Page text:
When you don’t know yourself-
When you don’t know others…
You’re hostage to the … UNSPEAKABLE!
Like Michael Jackson says, “You’ve been hit by-You’ve been struck by! The UNSPEAKABLE!” OK, he actually says Smooth criminal, but hear me out.
Chris Hedges writes,
“When we cannot tell ourselves the truth about our past, we become trapped in it. This is especially true about race in America. Our undiscovered self cripples us.”
This last weekend I took part in a dance and psychology workshop called Shadowtender. This project helps people explore their shadow, the parts of themselves they do not want to see. When you throw something away from yourself, say, “That’s bad, that’s not me!” it’s a part of yourself you cannot bear to look at.
When we think about race, when we talk about it, and when we uncover different ways to look at it, we help uncover biases and beliefs that people have. I taught a bias workshop last year that helped white people look at their unconscious bias around race. It was very uncomfortable for them. And I don’t think I actually succeeded, in that one hour workshop, in actually getting anyone to SEE their unconscious bias. but I TRIED! Lord how I tried. I have a friend who does bias trainings and he now does not accept gigs that are less than 3 hours long. One hour? To deal with ALL BIASES? It’s not going to cut it my friends. Learn from my mistake!
It’s not just our shadow about race. It’s our shadow about perceived weakness. Femininity. The LGBTIQ community. When I worked at the Urban League, I wanted to support the gay community as well as the black community. Because sometimes the black community has been homophobic. So I wanted a gay choir to sing at our big dinner, to send the message that we all stood together. My CEO said, “The churches wouldn’t like it.” So we didn’t do it. I share this with you to say; Bias can cut all sorts of ways, in all sorts of communities. As usual, I thought I knew better, and my actions would have alienated people in the black community, even if they felt right to me.
At a societal level, at a MACRO level, we have a lot of work to do. Umair Haque says, in his article “Why the Work We’re Doing Today is Shadow Work”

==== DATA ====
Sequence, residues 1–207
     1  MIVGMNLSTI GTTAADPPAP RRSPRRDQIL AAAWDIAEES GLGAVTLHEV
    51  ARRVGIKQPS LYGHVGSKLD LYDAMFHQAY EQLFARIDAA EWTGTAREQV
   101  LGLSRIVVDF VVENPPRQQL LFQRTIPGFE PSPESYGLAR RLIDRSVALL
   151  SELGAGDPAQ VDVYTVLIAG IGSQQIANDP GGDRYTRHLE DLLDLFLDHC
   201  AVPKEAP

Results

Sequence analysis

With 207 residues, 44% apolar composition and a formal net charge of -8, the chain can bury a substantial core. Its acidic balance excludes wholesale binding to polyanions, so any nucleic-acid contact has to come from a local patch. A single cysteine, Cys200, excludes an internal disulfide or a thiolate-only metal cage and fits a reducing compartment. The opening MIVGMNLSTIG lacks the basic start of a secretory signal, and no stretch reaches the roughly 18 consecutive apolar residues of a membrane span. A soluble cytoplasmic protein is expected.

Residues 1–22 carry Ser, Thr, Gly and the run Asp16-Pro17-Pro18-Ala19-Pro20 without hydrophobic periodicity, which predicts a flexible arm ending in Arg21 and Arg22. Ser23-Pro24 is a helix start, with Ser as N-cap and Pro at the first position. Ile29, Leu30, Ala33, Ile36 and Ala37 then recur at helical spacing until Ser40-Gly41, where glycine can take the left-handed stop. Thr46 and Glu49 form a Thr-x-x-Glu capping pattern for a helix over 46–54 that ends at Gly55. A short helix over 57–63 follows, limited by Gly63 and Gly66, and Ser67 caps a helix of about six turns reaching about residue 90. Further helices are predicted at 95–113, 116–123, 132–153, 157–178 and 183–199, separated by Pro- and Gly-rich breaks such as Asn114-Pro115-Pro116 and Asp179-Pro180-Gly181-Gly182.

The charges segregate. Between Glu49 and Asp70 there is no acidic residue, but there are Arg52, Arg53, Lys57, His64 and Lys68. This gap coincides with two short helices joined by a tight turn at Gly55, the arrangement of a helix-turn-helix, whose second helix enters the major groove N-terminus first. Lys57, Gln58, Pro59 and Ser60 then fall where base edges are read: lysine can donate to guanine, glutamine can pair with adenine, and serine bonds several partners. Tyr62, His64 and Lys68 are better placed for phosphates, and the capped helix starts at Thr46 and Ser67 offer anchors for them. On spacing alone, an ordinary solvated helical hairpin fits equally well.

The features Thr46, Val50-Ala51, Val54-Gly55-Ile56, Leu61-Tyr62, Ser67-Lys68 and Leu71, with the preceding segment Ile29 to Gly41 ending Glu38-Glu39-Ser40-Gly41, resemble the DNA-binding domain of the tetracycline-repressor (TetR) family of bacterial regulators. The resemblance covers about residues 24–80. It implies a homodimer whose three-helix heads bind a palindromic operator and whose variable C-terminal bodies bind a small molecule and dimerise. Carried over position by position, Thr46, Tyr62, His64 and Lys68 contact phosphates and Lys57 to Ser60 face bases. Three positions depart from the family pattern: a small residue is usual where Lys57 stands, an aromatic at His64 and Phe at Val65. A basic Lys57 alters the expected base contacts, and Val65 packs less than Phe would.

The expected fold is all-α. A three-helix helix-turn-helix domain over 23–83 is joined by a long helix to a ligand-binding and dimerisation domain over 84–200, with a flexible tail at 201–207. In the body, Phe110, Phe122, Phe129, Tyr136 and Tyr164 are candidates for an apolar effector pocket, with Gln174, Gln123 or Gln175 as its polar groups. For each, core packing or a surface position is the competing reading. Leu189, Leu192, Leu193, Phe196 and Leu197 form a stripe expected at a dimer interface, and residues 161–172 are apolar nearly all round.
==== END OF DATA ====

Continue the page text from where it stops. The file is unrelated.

“Just as a person’s shadow is a thing crying out to be made whole, so is a society’s. A society has a shadow too. Just as a person’s dark side is made of their anger, fear, resentment, cruelty, greed, vanity, selfishness, and so on — so is a society’s. And just as a person must be brave enough to confront their shadow — while being wise enough to understand that it is like a child that needs a mother, not an enemy, an adversary, or an animal to be caged — so too a society must confront its shadow, gently, truthfully, if it wishes to endure, grow, and prosper.”
Our shadow is coming out in our culture now. And we have people working at every level to start looking at and cleaning up the messes we are uncovering. There is no shortcut in this work. We need to look at who has privilege, and who has not. Who is allowed to show their emotions, their personality at work, and who is not. Who is allowed to make mistakes, and who is not.
Have you truly looked at your shadow? I don’t just mean what you’re good at and not good at. I mean your shadow as it relates to ways that you sabotage yourself, or break down trust at work. If not, why not?
Haque writes, “We are still afraid to question these great systems, these ideologies, which have held us back for so long. If I say to you “capitalism, supremacy, and patriarchy are at the root of this mess,” the New York Times will probably call me a “radical.” But it’s just common sense.
He writes, “We’re still hesitant to go to the roots. To really take on the systems and ideologies which have resulted in this mess called American collapse. We’re brave enough to tend to the branches — but the roots, the darkness they live in, still frightens us. We’ll welcome trans people and blacks now — but we’re still afraid to condemn patriarchy and supremacy. Do you see how funny it is when I put it that way? Because one is just the effect of the other. The only reason we would do one but not the other is that we are afraid — to go all the way into our darkness.”
What can you do?
Next time you get mad at some piece of oppression- perhaps how women do not get paid enough, especially women of color, consider this a branch. Next, tie that branch, out loud, to the roots of oppression, which is capitalism, and patriarchy. We need to learn how to name, claim and interrupt oppression, every day. That’s why we made the podcast, Name It!